You can also view the calendar in weekly or monthly formats although they are a lot less detailed. 

Today I feel very organized. God give me the grace to continue.

Thursday, August 19, 2010

Artist in the House

So nice to have big sister home to tackle the first art lesson of the year. Since she is entering her final year of college as an art major, she has a better grip on the subject than I could ever hope to have (and some pretty cool art supplies). Good heavens, what will I do the rest of the year?
 I think that despite himself, SJ cherished the time.

Monday, August 16, 2010

Making the World a Better Place

Just had to share this list that SJ threw together in his 15 minute journal-writing time. I thought he would squawk at the exercise but he surprised me by throwing himself into it, even begging for a little more time to add to his list. So here are the worldly reflections of a 13 year old and ideas to make our world a better place:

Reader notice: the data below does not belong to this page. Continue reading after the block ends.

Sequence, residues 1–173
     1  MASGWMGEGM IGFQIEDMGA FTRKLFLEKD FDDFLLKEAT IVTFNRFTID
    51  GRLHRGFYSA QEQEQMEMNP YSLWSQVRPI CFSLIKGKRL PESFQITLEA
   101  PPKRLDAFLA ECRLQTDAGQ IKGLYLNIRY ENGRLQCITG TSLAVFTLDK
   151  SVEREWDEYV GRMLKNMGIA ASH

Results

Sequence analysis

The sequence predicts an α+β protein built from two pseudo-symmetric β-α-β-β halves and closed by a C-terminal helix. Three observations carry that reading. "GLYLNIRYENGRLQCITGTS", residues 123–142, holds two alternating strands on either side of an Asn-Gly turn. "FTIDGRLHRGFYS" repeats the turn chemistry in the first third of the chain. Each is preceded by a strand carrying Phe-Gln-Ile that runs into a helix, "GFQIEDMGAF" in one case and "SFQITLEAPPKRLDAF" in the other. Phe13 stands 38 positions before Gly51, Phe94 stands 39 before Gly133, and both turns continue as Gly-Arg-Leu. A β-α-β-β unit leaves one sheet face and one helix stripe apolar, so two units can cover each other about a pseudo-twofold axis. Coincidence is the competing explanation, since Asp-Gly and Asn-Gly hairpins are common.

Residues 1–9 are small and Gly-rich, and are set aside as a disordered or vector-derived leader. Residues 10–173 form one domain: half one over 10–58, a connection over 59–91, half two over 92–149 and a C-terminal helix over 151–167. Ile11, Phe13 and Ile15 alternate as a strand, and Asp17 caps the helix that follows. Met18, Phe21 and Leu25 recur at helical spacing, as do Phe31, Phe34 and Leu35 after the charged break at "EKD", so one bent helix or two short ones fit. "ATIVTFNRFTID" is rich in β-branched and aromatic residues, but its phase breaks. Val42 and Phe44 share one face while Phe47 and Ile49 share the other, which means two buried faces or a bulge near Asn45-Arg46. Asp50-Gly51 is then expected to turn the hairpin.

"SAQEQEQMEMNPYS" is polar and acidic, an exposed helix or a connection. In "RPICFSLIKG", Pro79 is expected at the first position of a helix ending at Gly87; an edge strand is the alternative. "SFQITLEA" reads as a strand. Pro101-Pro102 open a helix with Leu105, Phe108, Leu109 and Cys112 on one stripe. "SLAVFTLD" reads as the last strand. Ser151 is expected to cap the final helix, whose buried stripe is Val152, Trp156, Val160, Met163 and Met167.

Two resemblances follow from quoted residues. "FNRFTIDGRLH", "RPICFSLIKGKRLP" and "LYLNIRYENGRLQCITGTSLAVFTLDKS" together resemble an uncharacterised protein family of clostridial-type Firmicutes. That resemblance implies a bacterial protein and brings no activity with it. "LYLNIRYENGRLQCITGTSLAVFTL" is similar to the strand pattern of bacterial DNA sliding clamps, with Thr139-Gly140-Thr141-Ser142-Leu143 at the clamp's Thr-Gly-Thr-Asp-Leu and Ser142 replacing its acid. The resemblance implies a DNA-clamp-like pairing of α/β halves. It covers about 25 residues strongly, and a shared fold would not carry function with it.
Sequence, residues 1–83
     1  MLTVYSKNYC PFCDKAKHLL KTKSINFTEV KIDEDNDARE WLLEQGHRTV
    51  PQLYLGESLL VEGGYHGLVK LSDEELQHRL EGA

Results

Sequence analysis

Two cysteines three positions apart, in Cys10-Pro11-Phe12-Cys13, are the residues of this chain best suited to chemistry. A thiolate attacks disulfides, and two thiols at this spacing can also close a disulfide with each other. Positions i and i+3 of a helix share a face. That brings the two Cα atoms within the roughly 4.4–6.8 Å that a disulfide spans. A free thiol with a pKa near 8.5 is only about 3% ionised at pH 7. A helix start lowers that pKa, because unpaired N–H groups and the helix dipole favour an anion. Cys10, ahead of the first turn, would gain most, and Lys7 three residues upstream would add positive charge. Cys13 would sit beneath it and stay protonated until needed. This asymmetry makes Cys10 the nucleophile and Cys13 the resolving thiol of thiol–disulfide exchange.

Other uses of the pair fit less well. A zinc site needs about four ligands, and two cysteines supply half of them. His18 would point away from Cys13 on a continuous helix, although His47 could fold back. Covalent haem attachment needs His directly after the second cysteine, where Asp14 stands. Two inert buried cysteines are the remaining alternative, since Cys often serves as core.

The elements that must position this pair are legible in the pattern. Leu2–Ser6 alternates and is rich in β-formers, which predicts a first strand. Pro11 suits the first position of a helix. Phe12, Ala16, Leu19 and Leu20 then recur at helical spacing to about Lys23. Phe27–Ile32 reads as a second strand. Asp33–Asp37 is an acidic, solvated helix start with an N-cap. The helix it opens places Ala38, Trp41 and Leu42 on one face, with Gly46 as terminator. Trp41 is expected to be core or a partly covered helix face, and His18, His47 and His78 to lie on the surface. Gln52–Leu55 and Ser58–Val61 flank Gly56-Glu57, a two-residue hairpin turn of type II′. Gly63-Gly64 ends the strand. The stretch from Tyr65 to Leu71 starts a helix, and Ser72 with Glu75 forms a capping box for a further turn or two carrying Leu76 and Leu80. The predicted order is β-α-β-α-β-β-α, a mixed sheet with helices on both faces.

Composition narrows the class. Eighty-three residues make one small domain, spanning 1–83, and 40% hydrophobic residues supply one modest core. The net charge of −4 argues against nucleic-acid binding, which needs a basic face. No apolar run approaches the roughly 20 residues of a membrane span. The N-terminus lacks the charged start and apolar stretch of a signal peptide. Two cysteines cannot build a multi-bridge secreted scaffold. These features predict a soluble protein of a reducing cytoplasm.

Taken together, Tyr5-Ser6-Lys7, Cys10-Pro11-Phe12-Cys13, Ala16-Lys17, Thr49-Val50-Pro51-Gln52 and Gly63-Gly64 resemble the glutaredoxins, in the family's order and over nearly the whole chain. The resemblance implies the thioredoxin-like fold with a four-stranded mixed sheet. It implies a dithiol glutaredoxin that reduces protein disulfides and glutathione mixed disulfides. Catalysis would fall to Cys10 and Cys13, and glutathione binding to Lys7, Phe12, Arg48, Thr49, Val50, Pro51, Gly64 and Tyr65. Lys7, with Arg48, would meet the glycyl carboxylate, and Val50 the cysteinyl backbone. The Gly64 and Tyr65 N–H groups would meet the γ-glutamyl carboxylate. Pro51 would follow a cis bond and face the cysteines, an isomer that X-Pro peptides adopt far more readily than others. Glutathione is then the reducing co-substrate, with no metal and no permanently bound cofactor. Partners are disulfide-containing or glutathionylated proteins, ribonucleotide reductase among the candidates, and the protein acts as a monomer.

1. Solar hover cars to destroy gas.
  2. Eco/green buildings
  3. Hover motorcycles
  4. Air powered spaceships as planes
  5. Giant force fields that make it so peole don't bring in sicknesses
  6. Water color changing pools
  7. No super expensive prices (I love that one!)
  8. Power plants that also run on solar (stores, too)
  9. Free candy and ice cream every day
  10. Super soldiers
  11. Paintball fields in every city
  12. Epic video games (like Call of Duty 12: Future Soldier)
  13. Laser guns (so we don't need bullets)
  14. 24 hour surveillance cameras that shoot lasers at intruders
  15. Secret rooms in houses
  16. Awesome paintball guns and gear
  17. Dreams that become real
  18. Furry cuddly animals and pets
  19. Waterbeds (how funny is that? He really didn't know that such a thing existed!)
  20. Nuclear bunkers for guest rooms.
  21. Giant robot walking suits that can be used for building